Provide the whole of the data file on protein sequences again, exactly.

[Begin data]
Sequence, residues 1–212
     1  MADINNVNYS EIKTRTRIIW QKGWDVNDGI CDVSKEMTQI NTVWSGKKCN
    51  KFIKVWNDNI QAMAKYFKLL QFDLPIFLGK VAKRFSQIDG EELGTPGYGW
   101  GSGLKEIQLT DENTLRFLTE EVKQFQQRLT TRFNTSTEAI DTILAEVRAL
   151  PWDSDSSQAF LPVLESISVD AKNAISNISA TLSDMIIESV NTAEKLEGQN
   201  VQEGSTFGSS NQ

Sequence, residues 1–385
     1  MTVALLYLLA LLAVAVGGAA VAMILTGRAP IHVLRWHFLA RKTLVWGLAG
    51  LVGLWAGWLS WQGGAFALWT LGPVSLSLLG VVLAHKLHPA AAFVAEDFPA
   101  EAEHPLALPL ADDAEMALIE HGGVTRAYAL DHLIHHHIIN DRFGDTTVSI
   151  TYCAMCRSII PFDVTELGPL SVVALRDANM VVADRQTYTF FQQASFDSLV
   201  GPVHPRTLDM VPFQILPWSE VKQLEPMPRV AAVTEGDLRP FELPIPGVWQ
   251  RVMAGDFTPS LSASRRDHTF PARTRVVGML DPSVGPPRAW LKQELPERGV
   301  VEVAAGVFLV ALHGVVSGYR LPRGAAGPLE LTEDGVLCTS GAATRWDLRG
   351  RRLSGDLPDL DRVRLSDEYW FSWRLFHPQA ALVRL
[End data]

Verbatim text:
Sequence, residues 1–212
     1  MADINNVNYS EIKTRTRIIW QKGWDVNDGI CDVSKEMTQI NTVWSGKKCN
    51  KFIKVWNDNI QAMAKYFKLL QFDLPIFLGK VAKRFSQIDG EELGTPGYGW
   101  GSGLKEIQLT DENTLRFLTE EVKQFQQRLT TRFNTSTEAI DTILAEVRAL
   151  PWDSDSSQAF LPVLESISVD AKNAISNISA TLSDMIIESV NTAEKLEGQN
   201  VQEGSTFGSS NQ

Sequence, residues 1–385
     1  MTVALLYLLA LLAVAVGGAA VAMILTGRAP IHVLRWHFLA RKTLVWGLAG
    51  LVGLWAGWLS WQGGAFALWT LGPVSLSLLG VVLAHKLHPA AAFVAEDFPA
   101  EAEHPLALPL ADDAEMALIE HGGVTRAYAL DHLIHHHIIN DRFGDTTVSI
   151  TYCAMCRSII PFDVTELGPL SVVALRDANM VVADRQTYTF FQQASFDSLV
   201  GPVHPRTLDM VPFQILPWSE VKQLEPMPRV AAVTEGDLRP FELPIPGVWQ
   251  RVMAGDFTPS LSASRRDHTF PARTRVVGML DPSVGPPRAW LKQELPERGV
   301  VEVAAGVFLV ALHGVVSGYR LPRGAAGPLE LTEDGVLCTS GAATRWDLRG
   351  RRLSGDLPDL DRVRLSDEYW FSWRLFHPQA ALVRL